SpaceX says an investigation has concluded that the Sept. 1 explosion of its Falcon 9 rocket occurred due to the failure of a helium pressure vessel, and it’s taking steps to avoid the problem for its return to flight, set for Jan. 8.
That launch will send 10 Iridium Next communication satellites into orbit from California’s Vandenberg Air Force Base. Meanwhile, repairs are continuing at SpaceX’s launch pad at Cape Canaveral Air Force Station in Florida, where September’s blow-up occurred during a pre-launch fueling test.
The California-based launch company’s founder, Elon Musk, had said previously that the supercooled helium tanks played a role in the accident, which led to the fiery loss of the rocket and its commercial Amos-6 satellite payload. Today’s update adds lots more detail to that diagnosis, and explains what SpaceX is doing to address the issue.
The investigation – led by SpaceX but also involving experts from the Federal Aviation Administration, U.S. Air Force, NASA, the National Transportation Safety Board and elsewhere – checked readings from more than 3,000 channels of data, focusing on the 93 milliseconds between the first sign of an anomaly and the loss of the Falcon 9’s second stage.
The analysis led investigators to focus on the composite-wrapped vessels that sit inside the second-stage liquid oxygen tank. Those vessels hold superchilled helium that helps maintain pressure in the oxygen tank.
After reviewing the data and video of the blow-up, and checking the debris, the investigators concluded that liquid oxygen pooled up in a void or a buckle between a helium vessel’s aluminum inner liner and the carbon composite layer wrapped over the aluminum.
“When pressurized, oxygen pooled in this buckle can become trapped; in turn, breaking fibers or friction can ignite the oxygen in the overwrap,” SpaceX explained in today’s update.
Investigators concluded that this is what caused the helium tank to fail, setting off a chain of events that resulted in the second-stage explosion. The helium was so cold that some of the liquid oxygen could have turned solid, increasing the likelihood of failure. SpaceX said it ran a variety of tests at its facilities in California and Texas to validate the investigation’s findings.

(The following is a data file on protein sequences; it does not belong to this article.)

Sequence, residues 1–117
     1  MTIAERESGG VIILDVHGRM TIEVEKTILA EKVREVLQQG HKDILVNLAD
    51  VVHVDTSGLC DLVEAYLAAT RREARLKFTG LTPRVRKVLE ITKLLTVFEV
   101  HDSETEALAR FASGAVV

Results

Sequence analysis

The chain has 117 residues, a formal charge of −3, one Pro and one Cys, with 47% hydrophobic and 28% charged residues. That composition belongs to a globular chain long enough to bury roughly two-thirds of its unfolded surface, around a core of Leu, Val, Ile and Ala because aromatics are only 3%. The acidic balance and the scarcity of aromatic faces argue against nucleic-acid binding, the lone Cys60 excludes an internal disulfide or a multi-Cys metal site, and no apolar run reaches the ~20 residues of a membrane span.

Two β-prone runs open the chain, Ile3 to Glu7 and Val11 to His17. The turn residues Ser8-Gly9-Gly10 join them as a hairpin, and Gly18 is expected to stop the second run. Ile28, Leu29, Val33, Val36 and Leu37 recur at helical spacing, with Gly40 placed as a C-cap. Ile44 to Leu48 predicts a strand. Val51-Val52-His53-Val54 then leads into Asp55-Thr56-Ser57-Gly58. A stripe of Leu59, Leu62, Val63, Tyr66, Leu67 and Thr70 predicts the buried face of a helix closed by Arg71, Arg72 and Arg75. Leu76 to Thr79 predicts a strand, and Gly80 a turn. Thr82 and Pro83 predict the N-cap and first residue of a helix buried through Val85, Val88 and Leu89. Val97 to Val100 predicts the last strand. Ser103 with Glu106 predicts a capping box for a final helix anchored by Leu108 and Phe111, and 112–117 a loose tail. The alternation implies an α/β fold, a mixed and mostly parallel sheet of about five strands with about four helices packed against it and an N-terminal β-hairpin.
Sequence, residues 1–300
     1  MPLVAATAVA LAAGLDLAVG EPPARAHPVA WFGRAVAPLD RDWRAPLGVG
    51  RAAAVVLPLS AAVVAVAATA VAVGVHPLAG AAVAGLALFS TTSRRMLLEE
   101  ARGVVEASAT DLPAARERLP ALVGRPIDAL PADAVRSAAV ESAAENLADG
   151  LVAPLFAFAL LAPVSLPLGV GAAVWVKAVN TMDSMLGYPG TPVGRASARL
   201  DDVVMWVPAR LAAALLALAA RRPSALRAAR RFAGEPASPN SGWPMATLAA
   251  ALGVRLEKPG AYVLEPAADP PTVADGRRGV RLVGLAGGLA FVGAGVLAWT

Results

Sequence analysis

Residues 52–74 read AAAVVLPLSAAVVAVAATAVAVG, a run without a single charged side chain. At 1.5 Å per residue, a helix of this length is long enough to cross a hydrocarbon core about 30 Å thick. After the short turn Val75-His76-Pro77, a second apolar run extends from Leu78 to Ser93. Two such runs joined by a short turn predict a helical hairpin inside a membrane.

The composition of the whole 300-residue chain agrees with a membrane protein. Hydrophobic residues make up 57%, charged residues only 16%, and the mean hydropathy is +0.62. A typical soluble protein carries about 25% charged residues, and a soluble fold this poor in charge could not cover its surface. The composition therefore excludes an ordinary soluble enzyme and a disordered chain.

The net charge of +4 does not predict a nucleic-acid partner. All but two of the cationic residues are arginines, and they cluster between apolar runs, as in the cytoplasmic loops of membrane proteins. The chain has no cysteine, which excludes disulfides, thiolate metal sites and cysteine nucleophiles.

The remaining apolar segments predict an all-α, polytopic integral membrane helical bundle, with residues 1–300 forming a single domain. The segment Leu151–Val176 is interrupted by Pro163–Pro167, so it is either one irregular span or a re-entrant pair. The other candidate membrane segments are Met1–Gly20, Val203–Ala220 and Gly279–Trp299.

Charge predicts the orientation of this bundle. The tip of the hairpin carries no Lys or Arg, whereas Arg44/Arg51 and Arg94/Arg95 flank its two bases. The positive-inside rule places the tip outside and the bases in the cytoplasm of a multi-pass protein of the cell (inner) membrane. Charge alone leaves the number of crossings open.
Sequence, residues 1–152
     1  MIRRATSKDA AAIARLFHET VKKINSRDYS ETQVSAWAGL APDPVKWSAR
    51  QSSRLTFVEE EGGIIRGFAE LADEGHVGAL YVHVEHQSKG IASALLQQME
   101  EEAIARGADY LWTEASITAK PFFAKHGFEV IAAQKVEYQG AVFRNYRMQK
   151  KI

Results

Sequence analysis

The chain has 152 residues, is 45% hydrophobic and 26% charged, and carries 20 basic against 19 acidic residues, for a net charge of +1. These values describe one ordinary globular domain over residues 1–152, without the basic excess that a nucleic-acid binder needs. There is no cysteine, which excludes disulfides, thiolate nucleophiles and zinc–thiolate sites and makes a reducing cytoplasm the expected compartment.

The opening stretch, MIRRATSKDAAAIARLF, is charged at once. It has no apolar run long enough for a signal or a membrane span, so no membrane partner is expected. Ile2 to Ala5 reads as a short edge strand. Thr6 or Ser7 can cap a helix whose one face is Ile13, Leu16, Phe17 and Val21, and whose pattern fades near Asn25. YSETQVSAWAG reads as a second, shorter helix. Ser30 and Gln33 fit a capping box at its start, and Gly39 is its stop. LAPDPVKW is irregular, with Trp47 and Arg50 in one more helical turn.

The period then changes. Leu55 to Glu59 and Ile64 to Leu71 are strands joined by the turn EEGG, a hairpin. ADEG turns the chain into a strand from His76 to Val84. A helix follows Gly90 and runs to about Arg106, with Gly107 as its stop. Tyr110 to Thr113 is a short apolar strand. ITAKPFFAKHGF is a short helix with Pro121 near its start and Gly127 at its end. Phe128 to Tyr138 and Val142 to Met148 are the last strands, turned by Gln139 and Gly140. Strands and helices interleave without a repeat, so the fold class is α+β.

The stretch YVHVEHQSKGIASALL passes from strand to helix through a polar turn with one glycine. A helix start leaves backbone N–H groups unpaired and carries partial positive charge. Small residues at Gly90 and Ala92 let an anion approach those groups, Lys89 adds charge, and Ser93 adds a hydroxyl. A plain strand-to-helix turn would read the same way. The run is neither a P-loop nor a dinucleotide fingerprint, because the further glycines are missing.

SpaceX came up with corrective actions that it said would address the credible causes in the short term as well as in the long term.
In the short term, the company will go back to a tried-and-true, albeit slower, procedure for loading helium into the tanks at a warmer temperature. In the long term, SpaceX will change the design of the pressure tanks so that there are no buckles in which the liquid oxygen can pool. That should allow for faster helium loading procedures to be used again, SpaceX said.
“SpaceX greatly appreciates the support of our customers and partners throughout this process, and we look forward to fulfilling our manifest in 2017 and beyond,” the company said. SpaceX’s next customer, Iridium, voiced its approval as well.
— Iridium Corporate (@IridiumComm) January 2, 2017
There was no official word on whether the FAA had signed off on the investigation’s findings or the Jan. 8 launch date, but the fact that SpaceX provided a detailed update today suggests that it’s anticipating the FAA’s approval.
The months-long suspension of Falcon 9 launches had caused uncertainty for SpaceX’s customers, and put a crimp in the privately held company’s finances. SpaceX’s next resupply mission to the International Space Station and its first reflight of a previously flown Falcon 9 booster are among the key launches that have been held up.
The end of the investigation is also likely to clear the way for the first flight of SpaceX’s Falcon Heavy, a heavy-lift rocket that’s due to make its debut this year.